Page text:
Osgood-Schlatter Disease

As someone who suffered from Osgood-Schlatter Disease, I am acutely aware that there is not enough good information about the problem on the internet. Therefore, I hope this overview of the issue will help those who suffer from the disease.

What is Osgood-Schlatter Disease?

Osgood-Schlatter Disease (OSD) is a condition which affects children from the age of 10 to around 14. It is caused by excess physical activity in teenagers who are experiencing a growth spurt, which is why it is sometimes referred to as Growing Pains.

The patella tendon (knee bone tendon) is pulled away from the Tibia (shin bone) due to the the person growing quickly and exercising too much. This causes inflammation and a tender lump to appear below the knee. The term disease is perhaps a bit misleading, it is better to think of OSD as an Overuse Injury.

Knee Diagram
A diagram of the human knee.

The injury is more common in boys than girls, which is attributed to boys participating in more physical activity during this age. It is also common for people to get Osgood-Schlatters Disease in one leg, though many experience the problem in both legs.

The condition usually disappears in most teenagers after 12 to 24 months, which is when the bones become fully matured. Though a small percentage of people may experience problems with the condition throughout their life.

The level of severity depends on how physically active the child was during the growth spurt. For some, a few months rest is all that is needed, whilst others may require 1 or 2 years before they can exercise regularly again.

Symptoms of Osgood-Schlatter Disease

Like any condition, the earlier you spot Osgood-Schlatter Disease, the better. There are a variety of symptoms which will help indicate that a person is suffering from OSD.

Some of the symptoms include:

  • Knee pain, particularly when doing a physical activity like running, jumping, kneeling or going up stairs
  • Knee pain after a physical activity
  • Pain goes away when resting
  • Swelling around the knee
  • Knee is sensitive with the person experiencing pain when touched
  • Visible lump below the knee

In the picture below, you can see an example of an Osgood-Schlatter disease lump on the left left (just below the knee).

Osgood-Schlatter Disease Lump
An example of the lump that Osgood-Schlatter Disease causes.

Treatment of Osgood-Schlatter Disease

First and foremost, the best treatment for someone who has been diagnosed with Osgood-Schlatter Disease is rest. It is vital that the bones are allowed to develop and reach maturity.

In severe cases, the patient may have their legs put in a cast in order to immobilise them. Some patients may be advised to use a knee brace instead.

Paracetamol, Ibuprofen, and other types of painkillers, may be recommended by a doctor to reduce pain and swelling around the knee. Ice packs can reduce swelling too and when returning back to physical activity, can be used before and after training to reduce the chances of swelling.

The patient should use some common sense when returning to physical activity. For example, if a certain activity causes knee pain, they should reduce their participation in that activity or stop altogether. They should also be pro-active and spend time strengthening and stretching their quadriceps, hamstrings, and calves. Be sure to ask your physiotherapist for advice on what to do and what not to do.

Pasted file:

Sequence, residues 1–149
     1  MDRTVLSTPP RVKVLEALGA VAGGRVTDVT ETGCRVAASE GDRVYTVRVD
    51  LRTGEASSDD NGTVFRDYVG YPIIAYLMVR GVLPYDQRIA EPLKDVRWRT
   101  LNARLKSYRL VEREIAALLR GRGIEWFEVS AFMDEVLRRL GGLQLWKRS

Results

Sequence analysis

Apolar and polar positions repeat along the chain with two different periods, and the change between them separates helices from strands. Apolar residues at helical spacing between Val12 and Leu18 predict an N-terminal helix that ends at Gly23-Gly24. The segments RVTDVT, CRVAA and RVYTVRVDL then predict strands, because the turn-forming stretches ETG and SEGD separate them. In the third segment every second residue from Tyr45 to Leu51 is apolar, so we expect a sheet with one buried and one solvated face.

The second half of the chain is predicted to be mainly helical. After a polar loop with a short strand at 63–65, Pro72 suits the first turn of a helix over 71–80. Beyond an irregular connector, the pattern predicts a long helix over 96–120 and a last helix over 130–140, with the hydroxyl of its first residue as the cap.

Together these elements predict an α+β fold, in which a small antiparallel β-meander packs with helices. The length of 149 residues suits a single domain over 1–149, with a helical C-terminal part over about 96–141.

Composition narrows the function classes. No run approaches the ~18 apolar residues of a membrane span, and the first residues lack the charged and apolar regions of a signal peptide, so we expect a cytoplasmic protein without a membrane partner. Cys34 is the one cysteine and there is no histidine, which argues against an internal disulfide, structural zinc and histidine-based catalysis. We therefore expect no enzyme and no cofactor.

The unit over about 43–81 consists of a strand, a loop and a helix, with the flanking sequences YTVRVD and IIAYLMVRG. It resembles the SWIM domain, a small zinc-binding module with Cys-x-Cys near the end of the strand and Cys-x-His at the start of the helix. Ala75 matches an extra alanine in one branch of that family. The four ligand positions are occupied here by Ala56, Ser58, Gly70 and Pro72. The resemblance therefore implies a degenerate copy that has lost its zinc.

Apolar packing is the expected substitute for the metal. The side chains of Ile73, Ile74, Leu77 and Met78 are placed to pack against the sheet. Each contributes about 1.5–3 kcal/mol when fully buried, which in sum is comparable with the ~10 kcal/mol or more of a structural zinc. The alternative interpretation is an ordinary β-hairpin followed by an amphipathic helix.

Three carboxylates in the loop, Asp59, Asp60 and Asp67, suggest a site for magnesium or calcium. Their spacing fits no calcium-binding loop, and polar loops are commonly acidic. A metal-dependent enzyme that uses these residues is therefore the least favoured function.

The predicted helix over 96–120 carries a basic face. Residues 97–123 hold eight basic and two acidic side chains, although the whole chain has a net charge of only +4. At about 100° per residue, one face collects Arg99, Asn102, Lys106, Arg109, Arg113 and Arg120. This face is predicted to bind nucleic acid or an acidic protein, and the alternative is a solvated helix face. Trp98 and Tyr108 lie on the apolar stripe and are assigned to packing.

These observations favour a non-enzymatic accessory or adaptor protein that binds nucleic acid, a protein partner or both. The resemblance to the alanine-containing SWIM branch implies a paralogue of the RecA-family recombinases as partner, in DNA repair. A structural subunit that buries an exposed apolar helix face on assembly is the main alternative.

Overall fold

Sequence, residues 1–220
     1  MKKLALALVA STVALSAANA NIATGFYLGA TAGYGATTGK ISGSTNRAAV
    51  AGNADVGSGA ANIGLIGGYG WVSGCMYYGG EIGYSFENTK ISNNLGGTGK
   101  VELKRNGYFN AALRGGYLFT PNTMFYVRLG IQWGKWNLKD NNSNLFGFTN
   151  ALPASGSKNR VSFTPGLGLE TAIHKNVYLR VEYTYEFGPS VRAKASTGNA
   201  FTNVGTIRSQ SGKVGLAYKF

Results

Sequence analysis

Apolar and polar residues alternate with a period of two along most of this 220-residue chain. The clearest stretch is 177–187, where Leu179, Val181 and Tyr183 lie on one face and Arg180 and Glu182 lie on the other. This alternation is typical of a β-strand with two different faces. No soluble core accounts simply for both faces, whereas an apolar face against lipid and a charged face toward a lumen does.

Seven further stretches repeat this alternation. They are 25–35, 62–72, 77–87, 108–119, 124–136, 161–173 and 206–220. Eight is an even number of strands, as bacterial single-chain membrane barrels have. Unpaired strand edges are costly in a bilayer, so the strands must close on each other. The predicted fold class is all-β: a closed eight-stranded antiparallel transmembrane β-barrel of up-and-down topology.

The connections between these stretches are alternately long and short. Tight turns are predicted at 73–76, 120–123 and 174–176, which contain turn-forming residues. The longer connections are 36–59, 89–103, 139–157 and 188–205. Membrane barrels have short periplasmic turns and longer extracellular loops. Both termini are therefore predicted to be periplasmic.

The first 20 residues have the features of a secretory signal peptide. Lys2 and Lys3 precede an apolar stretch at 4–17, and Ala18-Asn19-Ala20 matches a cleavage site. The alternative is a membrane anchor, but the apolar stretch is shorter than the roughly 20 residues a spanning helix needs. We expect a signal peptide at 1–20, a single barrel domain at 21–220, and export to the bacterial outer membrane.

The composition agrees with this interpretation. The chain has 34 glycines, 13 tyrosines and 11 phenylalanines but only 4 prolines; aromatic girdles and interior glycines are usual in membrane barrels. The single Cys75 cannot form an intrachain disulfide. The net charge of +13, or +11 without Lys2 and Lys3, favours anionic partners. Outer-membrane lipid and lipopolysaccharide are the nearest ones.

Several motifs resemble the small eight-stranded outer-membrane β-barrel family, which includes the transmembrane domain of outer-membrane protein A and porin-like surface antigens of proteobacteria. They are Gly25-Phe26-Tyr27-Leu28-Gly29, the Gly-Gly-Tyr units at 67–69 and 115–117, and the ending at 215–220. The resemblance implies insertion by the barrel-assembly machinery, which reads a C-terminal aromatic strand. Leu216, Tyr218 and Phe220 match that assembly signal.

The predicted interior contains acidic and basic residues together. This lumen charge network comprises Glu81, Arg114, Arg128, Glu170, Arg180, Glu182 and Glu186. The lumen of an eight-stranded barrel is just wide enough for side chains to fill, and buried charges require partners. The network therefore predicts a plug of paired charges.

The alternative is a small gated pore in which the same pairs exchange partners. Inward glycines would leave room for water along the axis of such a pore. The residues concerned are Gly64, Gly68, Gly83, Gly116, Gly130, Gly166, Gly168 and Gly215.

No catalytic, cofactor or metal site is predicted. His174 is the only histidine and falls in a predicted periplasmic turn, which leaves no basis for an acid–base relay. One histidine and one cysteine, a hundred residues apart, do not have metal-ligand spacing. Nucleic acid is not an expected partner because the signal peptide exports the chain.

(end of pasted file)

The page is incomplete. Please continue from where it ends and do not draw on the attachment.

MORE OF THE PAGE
Personally, I use a patella strap whilst training. This reduces the pressure on the knee. The strap is sometimes advertised as a relief for Runners Knee or Jumpers Knee.

Patella Strap

Patella Strap
An example of a patella strap.

If you need a little more support, you may consider using a more stabilising knee brace.

Knee Brace

Knee Brace
An example of a knee brace that gives your knee more support.

Further Reading

The first thing you should do when you, or your child, has symptoms of Osgood-Schlatter disease, is visit your doctor. They will be able to tell you how severe the issue is and what steps should be taken to get better.

However, I believe it is very important for both the parents and the child to have a good understanding of the injury so that they do not make the injury worse.

Below is a list of good articles on the subject which I hope you will find useful :)

Videos

The videos below show you some good exercises you can do to help with OSD.

Osgood Schlatter's Disease- Athletic Edge
Osgood Schlatter Disease - Dr. Eric Small

My Story

Kevin MuldoonMy name is Kevin Muldoon and this is my personal blog. I have suffered from Osgood-Schlatter Disease since I was around fourteen. I was, and still am, a very active person. Currently I exercise about five or six times a week.

I have had a few minor setbacks, though I do not have many problems with Osgood-Schlatter Disease nowadays as I have learned what aggravates the problem. I am not an expert on the disease and would advise anyone who is suffering from this problem, or looking for advice for a loved one, to speak to a doctor or a physiotherapist about it.

Through I do hope that you have found useful information about the disease on this page and hope I have pointed you in the direction of good websites and articles which talk about the disease. I would now like to to share my story.A story from someone who has lived with the problem for most of their life.

How I developed Osgood-Schlatter Disease